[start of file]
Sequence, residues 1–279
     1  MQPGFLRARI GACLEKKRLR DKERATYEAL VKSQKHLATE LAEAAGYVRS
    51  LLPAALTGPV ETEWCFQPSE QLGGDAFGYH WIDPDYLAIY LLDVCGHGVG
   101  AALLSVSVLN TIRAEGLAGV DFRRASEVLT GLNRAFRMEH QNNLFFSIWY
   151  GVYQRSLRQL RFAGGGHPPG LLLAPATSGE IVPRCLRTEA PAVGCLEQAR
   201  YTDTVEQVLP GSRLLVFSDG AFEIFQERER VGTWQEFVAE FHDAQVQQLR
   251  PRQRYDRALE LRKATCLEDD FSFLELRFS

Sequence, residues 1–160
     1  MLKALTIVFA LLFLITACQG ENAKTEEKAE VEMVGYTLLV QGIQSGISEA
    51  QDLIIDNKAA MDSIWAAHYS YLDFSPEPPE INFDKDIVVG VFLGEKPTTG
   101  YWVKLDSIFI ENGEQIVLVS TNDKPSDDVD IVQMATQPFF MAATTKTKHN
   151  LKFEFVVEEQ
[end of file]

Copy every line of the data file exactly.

Sequence, residues 1–279
     1  MQPGFLRARI GACLEKKRLR DKERATYEAL VKSQKHLATE LAEAAGYVRS
    51  LLPAALTGPV ETEWCFQPSE QLGGDAFGYH WIDPDYLAIY LLDVCGHGVG
   101  AALLSVSVLN TIRAEGLAGV DFRRASEVLT GLNRAFRMEH QNNLFFSIWY
   151  GVYQRSLRQL RFAGGGHPPG LLLAPATSGE IVPRCLRTEA PAVGCLEQAR
   201  YTDTVEQVLP GSRLLVFSDG AFEIFQERER VGTWQEFVAE FHDAQVQQLR
   251  PRQRYDRALE LRKATCLEDD FSFLELRFS

Sequence, residues 1–160
     1  MLKALTIVFA LLFLITACQG ENAKTEEKAE VEMVGYTLLV QGIQSGISEA
    51  QDLIIDNKAA MDSIWAAHYS YLDFSPEPPE INFDKDIVVG VFLGEKPTTG
   101  YWVKLDSIFI ENGEQIVLVS TNDKPSDDVD IVQMATQPFF MAATTKTKHN
   151  LKFEFVVEEQ